An industrial radiologic technician uses radiation imagery to test for materials in manufactured products. While formal education is not typically required many opt for a radiologic technology program.
Industrial radiologic technicians use radiation imagery to test the different types of materials found in manufactured products, including metals. Although formal education programs in industrial radiologic technology are rare, individuals interested in the field may choose to complete a radiologic technology program designed for the medical field or complete a radiation safety course and learn the necessary skills on the job after completing an exam. Professional certification is typical for this career, but organizations that can provide such certification are few.
|Required Education|| Completion of a radiation safety course concluding with a comprehensive exam; on-the-job training provided
Certificate programs in industrial radiologic technology are available but rare; individuals may choose to complete a medical program in radiologic technology instead
|Other Requirements||Certification programs in radioactive materials (RAM) or x-ray technology available in ten states|
|Projected Job Growth (2018-2028)||9% for all radiologic technologists*|
|Median Salary (2018)||$59,520 for all radiologic technologists*|
Source: *U.S. Bureau of Labor Statistics
Industrial radiologic technicians take x-rays of manufactured products, such as gas and oil pipelines, boilers and pipes, to determine their levels of durability, quality and safety. Technicians may also examine the pressure vessels found in aircraft, chemical plants or transportation vehicles. In addition to manufacturers, they may be employed by sales and service or traveling technology companies.
Industrial radiologic technicians use both gamma rays and x-rays to produce images of products. Gamma rays are delivered in sealed containers by way of small, portable devices. Large x-ray generators are similar to the equipment used for medical purposes, and screenings take place in a fixed location. Technicians use both types of machines to take nondestructive images of products without compromising their physical properties or ability to perform.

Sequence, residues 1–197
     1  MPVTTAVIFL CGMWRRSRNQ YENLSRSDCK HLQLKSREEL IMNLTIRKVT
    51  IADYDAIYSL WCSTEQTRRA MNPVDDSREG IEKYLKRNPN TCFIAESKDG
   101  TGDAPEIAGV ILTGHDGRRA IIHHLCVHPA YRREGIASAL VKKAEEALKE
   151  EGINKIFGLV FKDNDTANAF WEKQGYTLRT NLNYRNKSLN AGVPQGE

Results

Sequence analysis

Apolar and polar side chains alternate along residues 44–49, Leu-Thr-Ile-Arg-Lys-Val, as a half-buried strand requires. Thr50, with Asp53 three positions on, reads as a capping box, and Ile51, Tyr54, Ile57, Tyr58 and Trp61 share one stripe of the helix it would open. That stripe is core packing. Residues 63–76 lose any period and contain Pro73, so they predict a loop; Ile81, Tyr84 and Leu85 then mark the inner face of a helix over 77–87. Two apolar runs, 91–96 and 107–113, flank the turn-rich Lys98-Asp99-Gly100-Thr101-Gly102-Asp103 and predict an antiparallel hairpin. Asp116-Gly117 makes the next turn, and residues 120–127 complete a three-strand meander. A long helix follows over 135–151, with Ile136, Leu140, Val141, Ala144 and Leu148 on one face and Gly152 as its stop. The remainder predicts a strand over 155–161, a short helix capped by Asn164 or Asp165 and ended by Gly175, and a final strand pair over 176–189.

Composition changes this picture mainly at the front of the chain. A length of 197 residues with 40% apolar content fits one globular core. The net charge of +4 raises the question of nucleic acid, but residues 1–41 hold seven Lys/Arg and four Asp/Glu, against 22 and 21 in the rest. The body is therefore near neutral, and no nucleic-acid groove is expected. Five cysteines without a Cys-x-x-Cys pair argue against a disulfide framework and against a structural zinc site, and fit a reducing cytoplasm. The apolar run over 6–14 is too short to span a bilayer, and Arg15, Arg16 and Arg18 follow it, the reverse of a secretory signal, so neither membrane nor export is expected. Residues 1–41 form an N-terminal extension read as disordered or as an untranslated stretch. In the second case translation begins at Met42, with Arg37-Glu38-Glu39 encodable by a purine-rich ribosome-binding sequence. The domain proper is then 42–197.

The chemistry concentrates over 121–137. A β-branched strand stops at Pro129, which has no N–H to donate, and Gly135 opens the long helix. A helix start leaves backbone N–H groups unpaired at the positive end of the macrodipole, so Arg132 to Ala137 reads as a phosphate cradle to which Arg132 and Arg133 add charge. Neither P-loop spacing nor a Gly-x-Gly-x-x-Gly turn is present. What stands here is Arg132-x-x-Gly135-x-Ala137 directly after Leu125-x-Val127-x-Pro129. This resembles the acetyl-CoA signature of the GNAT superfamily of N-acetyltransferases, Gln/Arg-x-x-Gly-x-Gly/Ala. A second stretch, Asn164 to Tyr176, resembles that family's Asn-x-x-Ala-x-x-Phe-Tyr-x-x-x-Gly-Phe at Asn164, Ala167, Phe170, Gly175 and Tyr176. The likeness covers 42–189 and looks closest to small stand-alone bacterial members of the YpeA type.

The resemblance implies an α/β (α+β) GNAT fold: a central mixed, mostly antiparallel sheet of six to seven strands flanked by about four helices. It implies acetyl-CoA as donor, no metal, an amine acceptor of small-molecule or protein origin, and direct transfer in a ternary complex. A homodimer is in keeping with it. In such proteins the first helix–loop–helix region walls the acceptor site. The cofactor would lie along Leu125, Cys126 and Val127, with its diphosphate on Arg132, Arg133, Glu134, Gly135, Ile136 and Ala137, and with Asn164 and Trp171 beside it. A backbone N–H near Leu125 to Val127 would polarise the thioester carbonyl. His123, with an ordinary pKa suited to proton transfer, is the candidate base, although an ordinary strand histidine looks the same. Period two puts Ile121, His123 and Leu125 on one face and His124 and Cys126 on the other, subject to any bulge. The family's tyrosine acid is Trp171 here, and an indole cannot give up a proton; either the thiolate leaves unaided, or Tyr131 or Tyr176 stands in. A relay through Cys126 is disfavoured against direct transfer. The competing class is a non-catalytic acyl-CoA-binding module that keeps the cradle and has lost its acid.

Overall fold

According to the Conference of Radiation Control Program Directors, industrial radiologic technicians must attend a radiation safety course, have on-the-job training and pass a written test, as required by the Nuclear Regulatory Commission (NRC) and individual states. Successful completion of these requirements can lead to professional certification as an industrial radiographer. As of November 2013, there were approximately ten states in the U.S. that offered certification programs in industrial radiography. These include radioactive materials (RAM) or x-ray technology, with some programs certifying candidates in both areas.
Radiographic and radiologic technicians working in the medical field typically must receive an associate's degree in radiologic technology. These same degree programs can help train aspiring industrial radiologic technicians. Accredited programs can be found through the Joint Review Committee on Education in Radiologic Technology.
In general, an associate's program in this field covers topics in radiation biology and physics, instrumentation, and, most importantly, safety procedures. Many programs also offer courses in industrial radiology. Some schools offer certificate programs specifically in industrial radiologic technology.
Industrial radiologic technicians must have the technical skills necessary to maintain imaging equipment in a responsible and safe manner. They should also have the physical strength necessary to transport heavy portable devices. The ability to distinguish among imaging subtleties is required, as are the communication skills and critical thinking skills necessary for sharing information and making recommendations.
If you enjoy working with technology, are very observant and precise and have good critical thinking skills then a career as an industrial radiologic technician could be for you.